victimised by management has caused us to (consider) form-
ing a union to right the wrong which management has done
to the hardworking shift workers at PIL.”

The workers are threatening to send a letter about their
plight to Prime Minister Hubert Ingraham, and to owners of
Polymers International Limited.

“We love working at PIL. All we are asking for is to give
us what is owed to us, which is our overtime pay,” the letter
said.

Polymers International is a plastics manufacturing plant
that produces polystyrene beads, which are used to make
disposable Styrofoam cups and containers.

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@ LARRY BIRKHEAD @ HOWARD K STERN
(AP Photos)

# FROM left
(front row) — Dave
Foran, Narcotics
Affairs officer at the
US Embassy;
Charge d’A ffaires
Dr Brent Hardt at
the US Embassy;
Uttam Dhillon,
Director of Counter
Narcotics; Customs
Comptroller John
Rolle, and USCG
OPBAT Comman-
der David Billburg.

Back row from
left: Bradley
Schreiber, counselor
to director Dhillon;
TJ Hayden, CBP
Attache; Defence
Force Commander
Stephen Russell of
and Police Supt
Raymond Gibson.

Homeland Security official on Bahamas visit

DURING his visit to Nassau, the Department of
Homeland Security’s Director of Counter Nar-
cotics, Uttam Dhillon, met with representatives of
the Royal Bahamas Police Force, the Royal
Bahamas Defence Force and Bahamas Customs.

Mr Dhillon serves as the primary policy advisor
to the Secretary of Homeland Security for Depart-
ment-wide counter narcotics issues. ‘

He is responsible for developing policies that
will unify the department's counter narcotics
activities and coordinates efforts to monitor con-
nections between illegal drug trafficking and ter-
rorism.

Mr Dhillon travelled to the Bahamas to meet
with local officials to discuss joint US/Bahamian |
efforts to fight drug trafficking.

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{

PAGE 6, WEDNESDAY, JUNE 20, 2007

THE TRIBUNE



I wee eR Re ers
financial

potential and our indifference

-Nassau’s history, its

"Ya better see what ya looking,

at" — Emma Ritchie-Burnside

A\gcornixs to
Emma's great-grand-

son, architect Jackson Burnside,
"if we could see the value of
what we look at every day, Nas-
sau would have the same poten-
tial as Charleston, which has
exploited its past to the point
where even modest buildings
are extremely valuable."

He was a panelist on Island

FM's Sunday Conversation
(hosted by Patti Roker) this
past weekend. Other guests
included fellow architect Mark
Henderson, who is seeking to
revitalise the Bahamas Nation,
al Trust's historic preservation
committee; financial consultant
Dick Coulson, who is a mem-
ber of the Nassau Tourism
Development Board; and ama-
teur historian Paul Arahna.
The discussion was sparked

by a mini-supplement written —

by yours truly, which ran in The
Tribune a couple of weeks ago.
It was called: "Whatever Hap-
pened to Historic Nassau?" and
most of the photos were by
Dick Coulson, who had the idea
of trying to shame the owners of
some of Nassau's most valuable
— and most disgusting — real
estate.

We featured a selection of
buildings in the heart of the city
that, by any measure, are eye-
sores which grossly disrespect
our heritage and damage our
tourism industry. Some are
invaluable historical relics. Oth-
ers contribute much to the
Bahamian character of the com-
munity. All are derelict. And
most are owned by the govern-
ment or wealthy individuals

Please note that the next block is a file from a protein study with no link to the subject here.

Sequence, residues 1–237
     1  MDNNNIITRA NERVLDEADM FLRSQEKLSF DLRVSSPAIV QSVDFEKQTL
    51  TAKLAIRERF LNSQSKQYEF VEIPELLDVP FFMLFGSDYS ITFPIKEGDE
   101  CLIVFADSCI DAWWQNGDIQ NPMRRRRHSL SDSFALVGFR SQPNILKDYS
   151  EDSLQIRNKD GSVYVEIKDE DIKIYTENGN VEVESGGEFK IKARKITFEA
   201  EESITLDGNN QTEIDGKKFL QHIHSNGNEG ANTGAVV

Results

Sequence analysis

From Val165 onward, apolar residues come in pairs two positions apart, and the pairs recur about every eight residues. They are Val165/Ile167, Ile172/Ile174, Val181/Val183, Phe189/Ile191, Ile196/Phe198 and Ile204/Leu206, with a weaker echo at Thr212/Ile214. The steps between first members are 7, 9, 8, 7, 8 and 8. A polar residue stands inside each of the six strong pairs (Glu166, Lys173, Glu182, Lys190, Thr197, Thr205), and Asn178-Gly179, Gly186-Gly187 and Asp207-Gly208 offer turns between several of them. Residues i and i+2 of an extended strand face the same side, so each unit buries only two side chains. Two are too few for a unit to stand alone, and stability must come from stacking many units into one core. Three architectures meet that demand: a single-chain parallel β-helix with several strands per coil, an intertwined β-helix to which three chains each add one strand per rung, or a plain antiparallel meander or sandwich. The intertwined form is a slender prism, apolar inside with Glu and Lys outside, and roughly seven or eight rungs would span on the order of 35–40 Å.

with the resources to do some-
thing about their condition.

That dozen or so eyesores —
properties that we classified as
the worst examples of civic irre-
sponsibility — included the 19th
century convent on West Hill
Street gutted by Canadian Jef-
frey Waterous; the spectacular

Cascadilla estate on East Street : .
’ area of a city is the most visible

left to rot by lawyer Raymond
Wong; the vacant loyalist home:
opposite Government House:
owned by retired politician
Henry Bostwick; the abandoned

Pan American sea plane termi-
nal at the Eastern Parade, and
the derelict Customs shed on
Arawak Cay — both owned by
government.

That little publication —
which included a thumbnail his-
tory of each property — gener-
ated a lot of interest among
folks who are worried about the
loss of our heritage and the
seemingly unstoppable deteri-
oration of the capital.

O ur goal was to support
the revitalization of

Nassau within the context of
historic preservation, which
means using the best of what
we already have as a founda-
tion for renewal. The plain fact
is that historic buildings are irre-
placeable, and we have neither

.the money nor the skills to

recreate the historic structures
‘that already exist.

As Paul Aranha put it, we
should do what the Romans do:
"The city of Rome is thousands
of years old, and it is wonderful
to imagine what those stones
can tell us. Millions go to Rome
every year for that very reason,



-ARRY SMITH

new residents, new businesses,
tourists, and others to your
community."

Fortunately, Nassau retains
much of its early architecture
and streetscapes, although they
are little appreciated and fad-
ing fast, despite the fact that
this historical context can gen-
erate big business. For exam-
ple, the main attraction for Key
West, Florida, is the unique
scale and character of its
(Bahamian) architecture and
the history that surrounds it.
The commerce produced by
that attraction is extraordinary.

It's the same with Charleston,
South Carolina — a town no
older than Nassau that shares
a close historical connection
with our capital. Since the His-
toric Charleston Foundation
launched its renewal pro-



We featured a selection of
buildings in the heart of the

‘city that, by any measure, are

eyesores which grossly
disrespect our heritage and
damage our tourism industry.



and lots of people will come
here to share our history.